- Shiri Eisner from her Acceptance Speech upon winning the 2014 Best Bi Author of the Year at the Bisexual Book Awards for her best-selling LGBT + Feminist Book Bi: Notes for a Bisexual Revolution (via bisexual-community)

You are personally responsible for becoming more ethical than the society you grew up in.

-

Eliezer Yudkowsky  (via rampias)

Being a “product of their times” is no excuse. Never let someone off the hook for bigotry. 

(via callingoutbigotry)

(Source: abundance-mine)

One night my dog leaned against a wall because his back legs decided that they were done. And those kinds of stories never end well and this one wasn’t going to be different. We put him down the next day.

I’m a writer and that is the first and easiest trick we all have. It’s true, so it’s not cheap. It happened. Lying is kind of the cheapest trick of all, but still to come out here and lead off with my dog died is about as courageous as taking a stand against child abuse. But I did it because I want you on my side and I only have 4 minutes.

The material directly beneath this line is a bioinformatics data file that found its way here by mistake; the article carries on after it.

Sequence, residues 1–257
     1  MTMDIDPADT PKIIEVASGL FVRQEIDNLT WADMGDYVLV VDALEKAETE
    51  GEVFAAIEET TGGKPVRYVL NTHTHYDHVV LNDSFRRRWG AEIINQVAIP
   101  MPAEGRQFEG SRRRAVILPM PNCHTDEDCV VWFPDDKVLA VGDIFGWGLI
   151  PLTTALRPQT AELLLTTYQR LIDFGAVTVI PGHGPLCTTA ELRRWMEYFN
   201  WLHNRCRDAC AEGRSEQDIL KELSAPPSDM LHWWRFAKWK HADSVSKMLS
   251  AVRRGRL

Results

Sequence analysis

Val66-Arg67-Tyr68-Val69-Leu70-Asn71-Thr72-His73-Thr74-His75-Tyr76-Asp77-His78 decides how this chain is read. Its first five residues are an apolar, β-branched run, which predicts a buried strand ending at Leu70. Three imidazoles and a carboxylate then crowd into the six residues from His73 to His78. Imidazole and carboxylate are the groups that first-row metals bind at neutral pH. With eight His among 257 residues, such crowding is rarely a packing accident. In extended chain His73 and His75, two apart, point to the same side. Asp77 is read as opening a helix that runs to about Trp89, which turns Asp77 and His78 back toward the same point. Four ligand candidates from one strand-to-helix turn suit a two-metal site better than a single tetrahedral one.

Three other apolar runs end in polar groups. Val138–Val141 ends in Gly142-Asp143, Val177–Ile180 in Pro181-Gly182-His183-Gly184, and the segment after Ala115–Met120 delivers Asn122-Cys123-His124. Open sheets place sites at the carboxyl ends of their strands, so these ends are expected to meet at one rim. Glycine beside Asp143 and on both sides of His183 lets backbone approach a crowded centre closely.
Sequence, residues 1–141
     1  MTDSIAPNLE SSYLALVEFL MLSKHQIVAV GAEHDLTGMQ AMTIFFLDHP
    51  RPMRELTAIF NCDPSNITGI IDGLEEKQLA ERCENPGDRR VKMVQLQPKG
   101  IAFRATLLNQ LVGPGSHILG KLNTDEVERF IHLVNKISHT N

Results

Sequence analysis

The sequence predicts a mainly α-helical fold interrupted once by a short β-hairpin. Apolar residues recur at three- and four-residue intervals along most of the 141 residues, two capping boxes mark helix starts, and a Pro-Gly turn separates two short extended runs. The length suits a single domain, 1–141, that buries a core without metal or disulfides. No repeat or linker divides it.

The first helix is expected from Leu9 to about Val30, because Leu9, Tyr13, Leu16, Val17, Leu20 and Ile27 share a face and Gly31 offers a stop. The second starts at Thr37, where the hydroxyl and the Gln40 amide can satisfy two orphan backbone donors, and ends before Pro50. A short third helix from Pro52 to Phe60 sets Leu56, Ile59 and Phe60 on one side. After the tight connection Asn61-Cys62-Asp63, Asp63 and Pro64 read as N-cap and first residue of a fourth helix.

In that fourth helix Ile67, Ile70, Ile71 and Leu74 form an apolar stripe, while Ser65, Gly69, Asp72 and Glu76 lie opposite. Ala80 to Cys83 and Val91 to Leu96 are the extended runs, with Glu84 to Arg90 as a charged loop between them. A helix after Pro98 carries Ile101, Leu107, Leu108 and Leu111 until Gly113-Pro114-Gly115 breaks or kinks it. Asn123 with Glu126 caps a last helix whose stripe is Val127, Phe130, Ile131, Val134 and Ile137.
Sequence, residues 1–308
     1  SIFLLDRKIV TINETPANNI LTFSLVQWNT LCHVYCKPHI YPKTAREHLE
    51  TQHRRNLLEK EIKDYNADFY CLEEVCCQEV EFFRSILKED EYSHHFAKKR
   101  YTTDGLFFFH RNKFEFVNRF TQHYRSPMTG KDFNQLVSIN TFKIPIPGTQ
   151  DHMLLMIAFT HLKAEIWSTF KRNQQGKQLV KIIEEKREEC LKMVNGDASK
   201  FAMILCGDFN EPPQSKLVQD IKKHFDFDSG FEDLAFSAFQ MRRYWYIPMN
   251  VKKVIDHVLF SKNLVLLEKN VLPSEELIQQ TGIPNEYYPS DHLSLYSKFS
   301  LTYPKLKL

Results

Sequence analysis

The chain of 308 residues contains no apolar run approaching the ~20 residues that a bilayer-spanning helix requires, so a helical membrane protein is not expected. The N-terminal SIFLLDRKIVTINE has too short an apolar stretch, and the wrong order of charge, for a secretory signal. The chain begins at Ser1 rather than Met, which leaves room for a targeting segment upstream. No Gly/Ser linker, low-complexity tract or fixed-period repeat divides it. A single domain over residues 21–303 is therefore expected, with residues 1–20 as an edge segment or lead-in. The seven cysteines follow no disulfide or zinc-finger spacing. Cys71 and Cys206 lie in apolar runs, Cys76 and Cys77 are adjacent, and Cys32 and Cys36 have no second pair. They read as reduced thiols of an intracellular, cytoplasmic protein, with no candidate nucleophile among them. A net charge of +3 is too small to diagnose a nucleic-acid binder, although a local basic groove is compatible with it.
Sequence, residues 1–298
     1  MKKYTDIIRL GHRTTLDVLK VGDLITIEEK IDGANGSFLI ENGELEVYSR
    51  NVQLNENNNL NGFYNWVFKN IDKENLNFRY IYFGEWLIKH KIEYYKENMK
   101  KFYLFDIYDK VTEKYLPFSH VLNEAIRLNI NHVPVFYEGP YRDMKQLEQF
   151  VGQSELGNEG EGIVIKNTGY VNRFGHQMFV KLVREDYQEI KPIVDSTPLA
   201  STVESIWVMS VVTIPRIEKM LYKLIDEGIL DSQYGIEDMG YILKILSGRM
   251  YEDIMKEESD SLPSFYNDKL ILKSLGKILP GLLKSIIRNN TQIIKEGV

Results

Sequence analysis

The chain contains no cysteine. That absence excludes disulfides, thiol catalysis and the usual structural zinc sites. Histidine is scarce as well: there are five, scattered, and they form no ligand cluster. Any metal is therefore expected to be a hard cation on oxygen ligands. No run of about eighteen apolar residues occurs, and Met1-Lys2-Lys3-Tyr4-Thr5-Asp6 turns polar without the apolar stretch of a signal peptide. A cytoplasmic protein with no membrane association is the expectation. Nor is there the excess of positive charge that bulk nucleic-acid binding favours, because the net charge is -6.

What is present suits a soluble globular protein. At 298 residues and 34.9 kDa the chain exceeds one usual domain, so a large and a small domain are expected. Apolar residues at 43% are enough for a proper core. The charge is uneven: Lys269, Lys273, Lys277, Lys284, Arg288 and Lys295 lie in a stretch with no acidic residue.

His name was Captain Applejack because he spent for year in the dog navy and would not be called mister. And anytime a dog owner says, “Who’s a good boy? Who’s a good boy?” The answer is always Captain Applejack.

I was actually on a deadline so I did what writers do and I compartmentalized. I stuffed it into a box and put it next to the other boxes marked, like, dad issues and high school crushes and then I got on with my day. I write comic books and my career was ending so I wanted to meet my deadlines. My worm had turned in the way that the worm turns for people in popular entertainment. There’s no retirement plan where I come from. There’s just one day people stop calling and the work stops coming. You don’t get hired anymore.